No, Your Questions About Monuments Do Not Make You a Racist! (Updated)

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A monument to George Washington in Budapest

Over the last several days I have received messages from readers of The Way of Improvement Leads Home who are trying to make sense of Donald Trump’s recent words about monuments.  On Tuesday, he equated monuments commemorating Robert E. Lee and Stonewall Jackson with monuments commemorating George Washington and Thomas Jefferson. Yesterday POTUS offered these tweets:

What should we make of all this?  Here is one of the reader messages I received:

I wouldn’t ever dare post this publicly because honestly I don’t want to get lumped in with Trump and or be labeled a racist for simply asking a question. But I’m having a hard time understanding why Trump is so wrong on the Lee/Washington comparison. If Lee is guilty of perpetuating slavery, than why isn’t Washington just as guilty? Yes he freed his slaves after he died, but he didn’t end it when he had the chance to voice support for it at the convention, so why is he granted a pardon and still one of the good guys, but Lee is not off the hook? I get that he was a General for the Confederacy and I’m not arguing that he was good or right. I’m just wondering why Washington or Jefferson aren’t being attacked?

And I hate the fact that I can’t feel safe to ask this question in public without feeling like I’ll be labeled as a racist/terrorist or trump supporter. But I’m genuinely curious if you can shed some light or even point me to a good article that isn’t going to shame me into thinking the way the author wants me to already think.

First, I am saddened that this reader thinks she/he will be labeled a racist for trying to make historical and moral sense of what Trump said about monuments to Lee and Washington.  I don’t know this person well, but I know she/he is not a racist.  I should also add that I do not know where this person falls on the political perspective.  Over the years I have known this person to have a curious mind and a passion for truth.  If a person like this feels she/he cannot ask honest questions about this issue then something is wrong.

Second, at one level this person is correct (and so is Trump).  There are similarities between Washington and Lee.  I wrote about them yesterday. Let’s not forget the fact that both men owned slaves and were active participants in America’s slave culture. Maybe neither of them deserve a monument.  But on the other hand, there were also a lot of differences between Washington and Lee.  They are worth noting too.

In the end, I think there is a difference between moralizing about men and women in the past and erecting monuments to them.  As I have now said multiple times at this blog, monuments tell us more about the time when they were erected than the moment in the past they are meant to commemorate.   Lee monuments were erected by Lost Causers who wanted to celebrate a society built on slavery and white supremacy.  Most of them were built during the Jim Crow era for this very purpose. Think about it.  Would Lee merit a monument if not for his role as commander of the Army of Virginia?  Maybe, but I doubt you would find one outside of Virginia.  I don’t know off-hand the history of George Washington monuments, but I wonder how many of them were erected for the purpose of celebrating his slave ownership.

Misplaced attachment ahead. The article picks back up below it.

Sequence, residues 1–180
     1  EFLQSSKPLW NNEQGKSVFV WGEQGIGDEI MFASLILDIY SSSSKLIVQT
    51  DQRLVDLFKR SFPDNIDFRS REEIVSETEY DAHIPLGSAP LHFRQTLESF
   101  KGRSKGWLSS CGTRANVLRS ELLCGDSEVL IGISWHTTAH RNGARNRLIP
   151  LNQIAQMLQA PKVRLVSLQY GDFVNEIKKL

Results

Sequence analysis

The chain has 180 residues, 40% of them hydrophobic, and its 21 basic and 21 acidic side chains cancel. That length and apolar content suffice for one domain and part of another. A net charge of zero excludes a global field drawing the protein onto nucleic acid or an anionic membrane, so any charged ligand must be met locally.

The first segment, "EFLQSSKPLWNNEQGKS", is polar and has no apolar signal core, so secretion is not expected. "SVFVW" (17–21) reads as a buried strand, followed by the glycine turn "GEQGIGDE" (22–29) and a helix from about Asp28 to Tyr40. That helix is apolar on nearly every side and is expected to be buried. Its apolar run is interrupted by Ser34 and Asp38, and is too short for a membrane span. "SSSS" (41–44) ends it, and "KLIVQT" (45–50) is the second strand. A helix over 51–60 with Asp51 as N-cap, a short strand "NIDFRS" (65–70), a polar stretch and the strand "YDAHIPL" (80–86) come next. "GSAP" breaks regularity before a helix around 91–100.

This post has some good links for further reading on this issue.

Readers Respond

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Several folks have been commenting in the last week or so.  Here are some of the best:

In response to my post “This Video Proves Why Robert Jeffress is the Court of Evangelical of All Court Evangelicals“, reader Tomek Jankowski writes:

But this shows just how much Trump is a symptom, not a cause. He himself is a buffoon and dangerous in some respects, but he is the prop for a segment of this country who sees in him Messianic powers to stop change, to stop the social change, the economic change that they don’t understand and don’t want. They are like latter-day Amish, who want to freeze-dry history at some point in the 1950s and just continue living like we’re in an episode of The Andy Griffith Show. They believe that Trump can deliver that world for them. If he’s removed or steps down, they’ll just find another shaman, another magic man who will defeat the evil Liberals who surely brought about all this post-1950s change and take us back to the way things ought to be — the pre-Civil Rights era Southern lifestyle that God clearly wants all humanity to embrace.

Sam Smith comments on my post “Court Evangelical Jerry Falwell Jr. Doubles-Down on His Court Evangelicalism“:

John, I have a question. Which bothers you most, Trump’s crass and un-presidential ways, or the many “jokes”about his death, his beheaded likeness, an outdoor drama depicting his assassination, etc.? These vicious things and more have been going on for months, and you say little to nothing about them (at least comparatively). Yet, when some admittedly sophomoric and wrong tweets come along, you go into your own version of culture warrior mode and call for absolute and unqualified condemnation and besmirch (over and over) all “court evangelicals” who will not join you. Allow me to throw the question back to you. Where are you? Why are you comparatively silent on these hateful attacks against our president? It’s not like you don’t have a platform. Even as much as you dislike Trump (and there is plenty to dislike), I know that as a Christian you do not approve of this unrelenting vileness perpetuated against him. Why not step out of your own possible “group think” mentality and show a little more balance?